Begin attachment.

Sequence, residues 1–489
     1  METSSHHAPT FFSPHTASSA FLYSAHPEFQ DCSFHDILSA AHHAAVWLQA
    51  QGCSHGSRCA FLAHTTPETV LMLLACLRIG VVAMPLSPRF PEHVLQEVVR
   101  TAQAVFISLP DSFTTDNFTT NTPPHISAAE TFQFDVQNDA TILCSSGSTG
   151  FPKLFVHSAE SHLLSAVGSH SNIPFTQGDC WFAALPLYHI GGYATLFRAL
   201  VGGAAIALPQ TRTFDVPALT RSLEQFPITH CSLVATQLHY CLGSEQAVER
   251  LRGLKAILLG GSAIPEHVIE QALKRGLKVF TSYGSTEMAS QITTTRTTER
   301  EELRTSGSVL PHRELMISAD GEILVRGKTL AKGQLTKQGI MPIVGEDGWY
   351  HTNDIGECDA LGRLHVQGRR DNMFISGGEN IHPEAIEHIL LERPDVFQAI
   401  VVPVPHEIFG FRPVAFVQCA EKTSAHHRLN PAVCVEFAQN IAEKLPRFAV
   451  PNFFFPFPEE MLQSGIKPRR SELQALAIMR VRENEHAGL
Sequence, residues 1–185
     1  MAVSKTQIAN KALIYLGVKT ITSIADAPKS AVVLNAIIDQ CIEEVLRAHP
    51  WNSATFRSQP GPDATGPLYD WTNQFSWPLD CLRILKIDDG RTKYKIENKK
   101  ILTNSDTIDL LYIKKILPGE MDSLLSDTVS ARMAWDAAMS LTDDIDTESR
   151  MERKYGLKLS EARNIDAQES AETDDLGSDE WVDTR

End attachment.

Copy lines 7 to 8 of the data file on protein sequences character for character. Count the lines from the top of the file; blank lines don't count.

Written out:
   251  LRGLKAILLG GSAIPEHVIE QALKRGLKVF TSYGSTEMAS QITTTRTTER
   301  EELRTSGSVL PHRELMISAD GEILVRGKTL AKGQLTKQGI MPIVGEDGWY